P.O.Box 270 Kloof
                           3640
                           Natal
            6) Call me (Grant Smith) at (031) 73 2129 (leave a message if you

                  call during varsity)
            7) Write to mcph...@beastie.cs.und.ac.za on InterNet, and
                  mention the word Denthor near the top of the letter.

NB : If you are a representative of a company or BBS, and want ASPHYXIA
       to do you a demo, leave mail to me; we can discuss it.
NNB : If you have done/attempted a demo, SEND IT TO ME! We are feeling
        quite lonely and want to meet/help out/exchange code with other demo
        groups. What do you have to lose? Leave a message here and we can
work
        out how to transfer it. We really want to hear from you!

=-=-=-=-=-=-=-=-=-=-=-=-=-=-=-=-=-=-=-=-=-=-=-=-=-=-=-=-=-=-=-=-=-=-=-=
 The Principals of Animation

I am sure all of you have seen a computer game with animation at one or
other time. There are a few things that an animation sequence must do in
order to give an impression of realism. Firstly, it must move,
preferably using different frames to add to the realism (for example,
with a man walking you should have different frames with the arms an
legs in different positions). Secondly, it must not destroy the
background, but restore it after it has passed over it.

This sounds obvious enough, but can be very difficult to code when you
have no idea of how to go about achieving that.

In this trainer I will discuss various methods of meeting these two
objectives.

=-=-=-=-=-=-=-=-=-=-=-=-=-=-=-=-=-=-=-=-=-=-=-=-=-=-=-=-=-=-=-=-=-=-=-=
 Frames and Object Control

It is quite obvious that for most animation to succeed, you must have
numerous frames of the object in various poses (such as a man with
several frames of him walking). When shown one after the other, these
give the impression of natural movement.

So, how do we store these frames? I hear you cry. Well, the obvious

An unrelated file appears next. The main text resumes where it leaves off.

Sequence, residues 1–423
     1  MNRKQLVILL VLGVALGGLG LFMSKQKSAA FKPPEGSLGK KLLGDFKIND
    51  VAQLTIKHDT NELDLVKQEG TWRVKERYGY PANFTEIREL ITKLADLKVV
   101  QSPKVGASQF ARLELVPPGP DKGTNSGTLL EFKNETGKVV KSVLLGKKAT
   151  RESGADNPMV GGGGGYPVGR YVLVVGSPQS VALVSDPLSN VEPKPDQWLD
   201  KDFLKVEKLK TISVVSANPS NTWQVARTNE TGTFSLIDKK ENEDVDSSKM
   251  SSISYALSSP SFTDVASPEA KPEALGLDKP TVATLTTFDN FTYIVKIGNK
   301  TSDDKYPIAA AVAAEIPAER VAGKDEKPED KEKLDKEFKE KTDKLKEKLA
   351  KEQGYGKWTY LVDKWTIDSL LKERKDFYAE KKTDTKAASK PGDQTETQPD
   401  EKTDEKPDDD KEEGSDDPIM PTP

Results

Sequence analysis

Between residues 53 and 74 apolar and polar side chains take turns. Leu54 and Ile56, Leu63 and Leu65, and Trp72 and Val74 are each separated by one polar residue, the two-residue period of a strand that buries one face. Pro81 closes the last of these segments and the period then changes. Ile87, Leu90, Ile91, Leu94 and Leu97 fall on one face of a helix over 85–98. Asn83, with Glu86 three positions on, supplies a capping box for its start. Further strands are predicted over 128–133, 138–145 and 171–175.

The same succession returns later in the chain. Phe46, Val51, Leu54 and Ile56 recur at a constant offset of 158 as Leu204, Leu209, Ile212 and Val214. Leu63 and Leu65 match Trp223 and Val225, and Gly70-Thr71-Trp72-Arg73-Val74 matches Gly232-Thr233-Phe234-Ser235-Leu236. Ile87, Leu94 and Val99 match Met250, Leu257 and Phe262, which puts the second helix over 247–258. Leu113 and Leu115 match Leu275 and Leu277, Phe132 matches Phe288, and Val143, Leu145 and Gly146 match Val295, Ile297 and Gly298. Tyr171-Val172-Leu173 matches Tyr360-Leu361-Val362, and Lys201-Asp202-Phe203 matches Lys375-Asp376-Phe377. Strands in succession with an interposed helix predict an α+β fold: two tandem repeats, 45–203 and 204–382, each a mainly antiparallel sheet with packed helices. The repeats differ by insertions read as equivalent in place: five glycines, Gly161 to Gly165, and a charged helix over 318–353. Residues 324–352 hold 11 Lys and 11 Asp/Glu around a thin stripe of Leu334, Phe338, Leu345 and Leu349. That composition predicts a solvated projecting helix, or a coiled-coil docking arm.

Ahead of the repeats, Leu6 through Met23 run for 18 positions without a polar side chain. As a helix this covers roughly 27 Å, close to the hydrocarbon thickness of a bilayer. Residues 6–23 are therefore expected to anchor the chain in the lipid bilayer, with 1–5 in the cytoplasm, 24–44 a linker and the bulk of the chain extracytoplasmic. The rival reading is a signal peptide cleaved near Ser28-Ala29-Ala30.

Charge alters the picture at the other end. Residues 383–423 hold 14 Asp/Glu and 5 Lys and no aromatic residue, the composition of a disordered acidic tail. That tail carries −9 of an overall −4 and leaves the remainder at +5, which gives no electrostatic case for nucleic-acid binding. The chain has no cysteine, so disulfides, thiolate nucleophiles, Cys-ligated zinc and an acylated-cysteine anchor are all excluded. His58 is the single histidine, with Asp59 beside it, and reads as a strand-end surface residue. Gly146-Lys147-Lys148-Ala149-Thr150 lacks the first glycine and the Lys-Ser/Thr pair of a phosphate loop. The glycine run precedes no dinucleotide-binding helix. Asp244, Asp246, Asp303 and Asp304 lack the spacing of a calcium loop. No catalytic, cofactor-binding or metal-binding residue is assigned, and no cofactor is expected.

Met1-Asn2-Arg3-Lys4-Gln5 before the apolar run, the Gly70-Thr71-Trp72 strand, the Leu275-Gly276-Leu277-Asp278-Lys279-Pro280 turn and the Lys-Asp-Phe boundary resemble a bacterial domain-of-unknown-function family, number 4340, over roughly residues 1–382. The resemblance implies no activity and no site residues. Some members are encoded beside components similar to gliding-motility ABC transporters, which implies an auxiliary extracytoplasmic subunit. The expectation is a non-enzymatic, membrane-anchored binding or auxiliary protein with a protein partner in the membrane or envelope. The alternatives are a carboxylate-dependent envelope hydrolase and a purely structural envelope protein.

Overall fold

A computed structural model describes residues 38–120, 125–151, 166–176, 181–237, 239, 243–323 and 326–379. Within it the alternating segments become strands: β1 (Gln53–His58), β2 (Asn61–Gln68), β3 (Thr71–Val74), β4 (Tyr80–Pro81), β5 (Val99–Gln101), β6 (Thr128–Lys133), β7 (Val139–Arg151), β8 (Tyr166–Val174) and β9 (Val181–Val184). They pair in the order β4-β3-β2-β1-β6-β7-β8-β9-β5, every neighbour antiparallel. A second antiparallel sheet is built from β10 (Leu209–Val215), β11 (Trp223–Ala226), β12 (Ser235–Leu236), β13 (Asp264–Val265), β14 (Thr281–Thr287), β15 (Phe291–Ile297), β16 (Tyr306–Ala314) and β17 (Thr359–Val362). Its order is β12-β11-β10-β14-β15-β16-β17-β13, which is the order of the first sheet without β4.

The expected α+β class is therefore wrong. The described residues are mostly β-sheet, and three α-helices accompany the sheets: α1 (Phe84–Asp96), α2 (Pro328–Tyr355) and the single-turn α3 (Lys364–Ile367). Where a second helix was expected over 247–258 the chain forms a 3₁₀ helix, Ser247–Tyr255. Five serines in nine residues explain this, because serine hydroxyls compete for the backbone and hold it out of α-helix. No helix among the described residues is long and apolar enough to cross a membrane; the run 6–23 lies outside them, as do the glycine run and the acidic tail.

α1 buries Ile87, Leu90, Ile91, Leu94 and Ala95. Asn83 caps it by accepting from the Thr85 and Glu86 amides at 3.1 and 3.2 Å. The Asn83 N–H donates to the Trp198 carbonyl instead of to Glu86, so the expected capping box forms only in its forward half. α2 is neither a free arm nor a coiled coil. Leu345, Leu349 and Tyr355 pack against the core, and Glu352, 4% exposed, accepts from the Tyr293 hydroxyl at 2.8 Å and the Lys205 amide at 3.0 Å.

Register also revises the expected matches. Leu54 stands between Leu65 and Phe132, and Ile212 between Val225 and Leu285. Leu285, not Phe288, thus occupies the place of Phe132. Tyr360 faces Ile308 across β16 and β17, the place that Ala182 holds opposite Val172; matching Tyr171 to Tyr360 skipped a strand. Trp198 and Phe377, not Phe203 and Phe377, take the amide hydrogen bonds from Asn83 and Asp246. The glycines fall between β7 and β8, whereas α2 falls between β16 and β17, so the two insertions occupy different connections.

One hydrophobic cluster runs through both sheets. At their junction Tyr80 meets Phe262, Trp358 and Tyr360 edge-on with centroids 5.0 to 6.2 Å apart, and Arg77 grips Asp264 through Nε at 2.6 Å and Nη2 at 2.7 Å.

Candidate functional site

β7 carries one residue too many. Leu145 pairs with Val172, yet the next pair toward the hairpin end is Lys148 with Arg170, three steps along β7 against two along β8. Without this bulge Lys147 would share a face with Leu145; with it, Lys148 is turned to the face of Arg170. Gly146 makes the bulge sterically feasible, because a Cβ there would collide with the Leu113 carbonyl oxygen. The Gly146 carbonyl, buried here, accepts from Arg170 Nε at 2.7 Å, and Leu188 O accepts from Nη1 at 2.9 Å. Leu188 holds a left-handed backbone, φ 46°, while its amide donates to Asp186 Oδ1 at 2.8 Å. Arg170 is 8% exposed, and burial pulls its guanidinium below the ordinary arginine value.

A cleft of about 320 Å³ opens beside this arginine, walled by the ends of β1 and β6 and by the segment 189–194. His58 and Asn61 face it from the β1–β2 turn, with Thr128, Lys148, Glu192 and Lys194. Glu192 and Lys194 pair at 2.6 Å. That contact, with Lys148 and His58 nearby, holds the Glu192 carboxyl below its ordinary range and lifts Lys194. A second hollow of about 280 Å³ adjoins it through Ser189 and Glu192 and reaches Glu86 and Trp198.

method is to store them in arrays. After drawing a frame in Autodesk
Animator and saving it as a .CEL, we usually use the following code to
load it in :

TYPE icon = Array [1..50,1..50] of byte;

VAR tree : icon;

Procedure LoadCEL (FileName :  string; ScrPtr : pointer);
var
  Fil : file;
  Buf : array [1..1024] of byte;
  BlocksRead, Count : word;
begin
  assign (Fil, FileName);
  reset (Fil, 1);
  BlockRead (Fil, Buf, 800);    { Read and ignore the 800 byte header }
  Count := 0; BlocksRead := $FFFF;
  while (not eof (Fil)) and (BlocksRead <> 0) do begin
    BlockRead (Fil, mem [seg (ScrPtr^): ofs (ScrPtr^) + Count], 1024,
BlocksRead);
    Count := Count + 1024;
  end;
  close (Fil);
end;

BEGIN
  Loadcel ('Tree.CEL',addr (tree));
END.

We now have the 50x50 picture of TREE.CEL in our array tree. We may access
this array in the usual manner (eg. col:=tree [25,30]). If the frame is
large, or if you have many frames, try using pointers (see previous
parts)

Now that we have the picture, how do we control the object? What if we
want multiple trees wandering around doing their own thing? The solution
is to have a record of information for each tree. A typical data
structure may look like the following :

TYPE Treeinfo = Record
                  x,y:word;       { Where the tree is }
                  speed:byte;     { How fast the tree is moving }
                  Direction:byte; { Where the tree is facing }
                  frame:byte      { Which animation frame the tree is
                                    currently involved in }
                  active:boolean; { Is the tree actually supposed to be
                                    shown/used? }
                END;

VAR Forest : Array [1..20] of Treeinfo;

You now have 20 trees, each with their own information, location etc.